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TD Auto Finance, LLC v. Myles

Court of Appeals of Louisiana, Third Circuit

January 15, 2020



          Terry McGlothen The McGlothen Law Firm, LLC COUNSEL FOR APPELLANT: Perry W. Myles

          Michael L. Lancaster Eaton Group Attorneys, LLC COUNSEL FOR APPELLEE: TD Auto Finance, LLC

          Court composed of Sylvia R. Cooks, Elizabeth A. Pickett, and Jonathan W. Perry, Judges.


         This is an appeal from a summary judgment in a proceeding for a deficiency judgment, in which the trial court granted judgment to the plaintiff-creditor. We affirm.


         On July 17, 2012, Prevailing Church[1] and Perry W. Myles ("Myles") bought a used 2007 Mercedes-Benz S-Class automobile from DZ Motors and entered into a retail installment sales contract for the purchase price, $40, 864.00.[2]Contemporaneous with the execution of the retail installment sales contract, DZ Motors assigned its interest in the auto loan contract to TD Auto Finance, LLC ("TDAF"). Although monthly payments were made for the first thirteen months, payments then stopped.

         After payment stopped, TDAF repossessed the vehicle and notified Prevailing Church at P.O. Box 391481, Solon, OH 44139 and Myles at 411 Dulles Drive, Lafayette, LA 70506 of the upcoming sale of the vehicle. Thereafter, TDAF notified Prevailing Church and Myles in writing that after applying the proceeds from the sale of the vehicle, a deficiency balance of $25, 133.40 remained.

         On June 18, 2015, TDAF, through its attorney, sent a demand letter to Myles for the unpaid balance together with accrued interest. After receiving no response, TDAF filed its petition on June 13, 2016, against Myles for the deficiency balance. On March 22, 2017, Myles, assisted by counsel, filed an answer and interposed a declinatory exception of insufficiency of service of process.

         Accompanying TDAF's petition was a request for admission of fact regarding whether Myles had contracted for the purchase of the vehicle, whether the outstanding balance was correctly stated in the petition, and whether he had been notified of the sale of the vehicle and the proceeds raised from the sale as well as the amount of the deficiency. Myles denied the requests for admission of facts as written.

         Later, TDAF filed a request for genuineness of documents and a request for the production of documents from Myles, asking him to admit or deny the genuineness of the attached application and loan agreement, the deficiency balance, and the detailed transaction history. TDAF further requested Myles to produce any documents that would indicate his disagreement with the loan agreement, the deficiency balance, and any document that would dispute the detailed financial transaction history. In response, Myles admitted he signed documents with Hunt, that he did not deny the deficiency balance or the transaction history report, that he was notified after the sale of the vehicle, and that he had no other evidence to present.[3] Nonetheless, Myles asserted in his response to TDAF's request that "[a]t the time of the sale there was no disclosure that this vehicle had received [severe water damage; therefore] this sale is illegal and immediately terminated."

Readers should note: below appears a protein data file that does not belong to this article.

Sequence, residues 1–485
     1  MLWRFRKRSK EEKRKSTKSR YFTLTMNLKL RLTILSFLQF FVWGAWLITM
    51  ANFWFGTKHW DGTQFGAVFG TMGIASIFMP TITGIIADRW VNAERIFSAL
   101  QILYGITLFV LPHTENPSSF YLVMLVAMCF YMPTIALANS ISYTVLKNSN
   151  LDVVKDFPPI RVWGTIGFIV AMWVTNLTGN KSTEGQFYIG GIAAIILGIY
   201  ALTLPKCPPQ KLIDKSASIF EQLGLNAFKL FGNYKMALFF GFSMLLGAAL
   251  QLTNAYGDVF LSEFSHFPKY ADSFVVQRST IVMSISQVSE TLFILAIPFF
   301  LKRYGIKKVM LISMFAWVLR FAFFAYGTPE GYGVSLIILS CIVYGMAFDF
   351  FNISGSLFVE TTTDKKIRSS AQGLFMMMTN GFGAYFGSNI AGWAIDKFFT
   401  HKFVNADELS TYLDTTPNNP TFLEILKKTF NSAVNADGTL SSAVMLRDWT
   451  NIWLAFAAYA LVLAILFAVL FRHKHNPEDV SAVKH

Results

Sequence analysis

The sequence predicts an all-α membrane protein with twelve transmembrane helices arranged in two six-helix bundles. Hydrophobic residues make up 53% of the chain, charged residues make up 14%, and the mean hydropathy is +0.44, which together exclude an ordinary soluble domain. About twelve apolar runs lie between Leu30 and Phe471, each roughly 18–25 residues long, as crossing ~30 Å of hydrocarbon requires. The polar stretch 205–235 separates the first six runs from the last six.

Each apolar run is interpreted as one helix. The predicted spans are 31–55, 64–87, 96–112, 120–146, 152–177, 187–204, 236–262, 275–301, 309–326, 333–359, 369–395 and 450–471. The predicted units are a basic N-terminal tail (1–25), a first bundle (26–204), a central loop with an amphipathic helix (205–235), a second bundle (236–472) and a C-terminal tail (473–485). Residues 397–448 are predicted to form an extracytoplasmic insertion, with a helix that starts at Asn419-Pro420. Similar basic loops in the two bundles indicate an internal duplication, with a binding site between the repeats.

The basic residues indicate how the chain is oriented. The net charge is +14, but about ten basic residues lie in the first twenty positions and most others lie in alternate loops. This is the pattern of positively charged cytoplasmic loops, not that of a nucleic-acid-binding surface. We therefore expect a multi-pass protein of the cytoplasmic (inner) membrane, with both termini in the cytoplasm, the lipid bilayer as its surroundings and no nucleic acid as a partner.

TDAF also submitted note interrogatories and surrender interrogatories. In response to the note interrogatories, Myles answered that he had no record of payment by him to reduce the deficiency balance; no funds had been advanced to him; he had no record to reflect any payments or credits; and he had never met to sign anything with this company.

         In response to TDAF's surrender interrogatories, Myles answered under private signature, but not under oath, that no one sent him notice of abandonment or surrender of the vehicle; at the time of the contracts he was unemployed; he had earlier agreed to sign "in this process" but his circumstances changed; and when the vehicle was confiscated he was not given the opportunity to do anything.

         On February 25, 2019, after the trial court denied the declinatory exception Myles filed in conjunction with his answer, TDAF moved for summary judgment.[4]TDAF offered the record and summary judgment attachments, as well as Myles's admission regarding the signing of the loan documents.

         Myles filed a memorandum in opposition to the motion for summary judgment, attaching his affidavit and, inter alia, a flood report, his credit application, the credit application of his co-buyer, and the retail installment contract. Subsequently, TDAF filed a reply memorandum, attaching numerous ...

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